11 Spikeball: a two-on-two game resembling volleyball

Image credit: Spikeball.com

The founder of Spikeball, Chris Ruder with his buddies, tried to revive the Spikeball game, which was invented by a cartoonist named Jeff Knurek in the 1980s. In this game, two teams of two players each hit the ball in a small circular trampoline and try to prevent the opposite team from returning it.

Spikeball already had a yearly revenue of $1 million when Ruder appeared on Shark Tank in 2015. He pitched it and asked for $500,000 for a 20% equity stake, but he walked off the stage empty-handed. Despite not getting the deal, Spikeball gained TV exposure and cracked $13 million in revenue in 2016. (source)


12 Voyage-Air Guitar: a guitar that folds in half for easy transportation.

Voyage-Air Guitar
Image credit: Facebook.com

The founder of Voyage-Air Guitar, Jeff Cohen, had a goal to manufacture high-quality guitars which are easily accessible and portable and can fit into a fast-paced lifestyle. Cohen, along with his son Josh, launched Voyage-Air Guitar which sells full-sized guitars which can be folded in half.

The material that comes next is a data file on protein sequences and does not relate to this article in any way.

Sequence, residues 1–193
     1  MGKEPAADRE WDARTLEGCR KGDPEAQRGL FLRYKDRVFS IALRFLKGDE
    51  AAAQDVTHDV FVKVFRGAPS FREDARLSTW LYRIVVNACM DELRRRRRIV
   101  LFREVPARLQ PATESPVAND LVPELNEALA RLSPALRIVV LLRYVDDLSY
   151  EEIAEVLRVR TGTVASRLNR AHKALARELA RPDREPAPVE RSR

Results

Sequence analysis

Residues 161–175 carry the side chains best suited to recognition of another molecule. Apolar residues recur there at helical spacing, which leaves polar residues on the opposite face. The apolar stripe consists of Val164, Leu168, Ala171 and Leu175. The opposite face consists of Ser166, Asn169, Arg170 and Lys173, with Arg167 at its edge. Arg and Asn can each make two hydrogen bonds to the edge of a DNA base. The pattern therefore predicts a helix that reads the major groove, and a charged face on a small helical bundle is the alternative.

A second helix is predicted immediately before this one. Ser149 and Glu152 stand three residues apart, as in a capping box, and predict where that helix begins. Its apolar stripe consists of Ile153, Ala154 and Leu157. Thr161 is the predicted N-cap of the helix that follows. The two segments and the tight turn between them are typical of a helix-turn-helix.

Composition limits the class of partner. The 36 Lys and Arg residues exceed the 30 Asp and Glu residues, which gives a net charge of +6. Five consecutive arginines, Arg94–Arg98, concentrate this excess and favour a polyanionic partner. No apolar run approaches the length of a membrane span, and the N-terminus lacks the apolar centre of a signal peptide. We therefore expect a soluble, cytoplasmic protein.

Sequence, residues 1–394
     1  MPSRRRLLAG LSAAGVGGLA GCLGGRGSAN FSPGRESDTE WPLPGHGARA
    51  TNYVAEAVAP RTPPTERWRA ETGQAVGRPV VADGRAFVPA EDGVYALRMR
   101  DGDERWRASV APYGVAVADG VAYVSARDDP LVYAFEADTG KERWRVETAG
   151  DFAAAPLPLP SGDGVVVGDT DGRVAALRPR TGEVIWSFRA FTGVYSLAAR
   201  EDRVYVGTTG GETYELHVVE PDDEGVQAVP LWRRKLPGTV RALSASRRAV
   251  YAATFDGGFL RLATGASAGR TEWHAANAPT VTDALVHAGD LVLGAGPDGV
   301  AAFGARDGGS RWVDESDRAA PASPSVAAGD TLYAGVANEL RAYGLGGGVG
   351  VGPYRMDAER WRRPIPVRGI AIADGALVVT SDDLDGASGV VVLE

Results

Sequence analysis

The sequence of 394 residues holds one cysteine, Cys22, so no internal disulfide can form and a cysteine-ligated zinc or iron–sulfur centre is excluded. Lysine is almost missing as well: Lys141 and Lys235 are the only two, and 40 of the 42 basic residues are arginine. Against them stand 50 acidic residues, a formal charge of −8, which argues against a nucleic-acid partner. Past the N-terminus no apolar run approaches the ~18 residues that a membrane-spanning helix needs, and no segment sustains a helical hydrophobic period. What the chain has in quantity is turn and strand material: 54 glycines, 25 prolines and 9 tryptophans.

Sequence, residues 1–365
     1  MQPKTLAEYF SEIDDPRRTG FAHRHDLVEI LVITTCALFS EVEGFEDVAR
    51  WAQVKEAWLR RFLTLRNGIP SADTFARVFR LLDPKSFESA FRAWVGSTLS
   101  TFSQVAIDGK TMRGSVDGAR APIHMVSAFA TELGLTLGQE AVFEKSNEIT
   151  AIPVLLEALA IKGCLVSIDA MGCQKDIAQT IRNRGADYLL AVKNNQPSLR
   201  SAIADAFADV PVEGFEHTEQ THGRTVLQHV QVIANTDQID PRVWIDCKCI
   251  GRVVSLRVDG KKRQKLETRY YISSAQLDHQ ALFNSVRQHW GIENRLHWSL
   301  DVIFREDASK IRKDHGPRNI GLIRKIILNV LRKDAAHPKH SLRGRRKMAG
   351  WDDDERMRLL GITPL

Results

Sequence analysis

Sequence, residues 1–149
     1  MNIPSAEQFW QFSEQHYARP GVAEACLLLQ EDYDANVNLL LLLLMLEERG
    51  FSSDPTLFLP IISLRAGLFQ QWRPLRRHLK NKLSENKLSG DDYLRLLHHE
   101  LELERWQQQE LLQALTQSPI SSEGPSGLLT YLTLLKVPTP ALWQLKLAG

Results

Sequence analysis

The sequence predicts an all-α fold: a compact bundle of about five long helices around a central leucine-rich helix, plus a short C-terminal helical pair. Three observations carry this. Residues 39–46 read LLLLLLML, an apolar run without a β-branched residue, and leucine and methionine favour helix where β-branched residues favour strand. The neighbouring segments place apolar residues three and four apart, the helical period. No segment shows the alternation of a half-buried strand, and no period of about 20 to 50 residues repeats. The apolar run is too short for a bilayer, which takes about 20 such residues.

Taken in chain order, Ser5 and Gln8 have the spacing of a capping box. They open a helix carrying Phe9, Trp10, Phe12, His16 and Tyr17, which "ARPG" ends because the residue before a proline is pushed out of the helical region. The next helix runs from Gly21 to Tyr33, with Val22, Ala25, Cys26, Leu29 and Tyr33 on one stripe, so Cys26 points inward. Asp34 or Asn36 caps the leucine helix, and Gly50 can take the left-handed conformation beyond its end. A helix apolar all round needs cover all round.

They had already made $400,000 revenue when they appeared on Shark Tank. The duo pitched their products for $500,000 in exchange for a 5% equity stake. Kevin O’Leary offered them $500,000 for a 51% equity stake, but Cohen rejected the deal. The duo reappeared in the following season and finalized a deal with Kevin O’Leary. Today, the estimated worth of Voyage-Air Guitar is $10 million. (source)

13 Eco Nuts: an eco-friendly and organic detergent company

Eco Nuts
Image credit: superfoodly.com

The founders of Eco Nuts, Mona Weiss and Scott Shields were always keen on using eco-friendly products. When they struggled to find an organic laundry detergent, they decided to make one from nuts. They founded Eco Nuts, which is an organic and eco-friendly laundry detergent company.

While the duo was on the track of making $250,000 in sales, they decided to appear on Shark Tank Season 4. They asked for $175,000 for a 15% equity stake. They weren’t successful in cracking any deal, but the company did benefit from the exposure. Within a year, Eco Nuts generated $1 million in revenue, and today it is sold in thousands of locations. (source)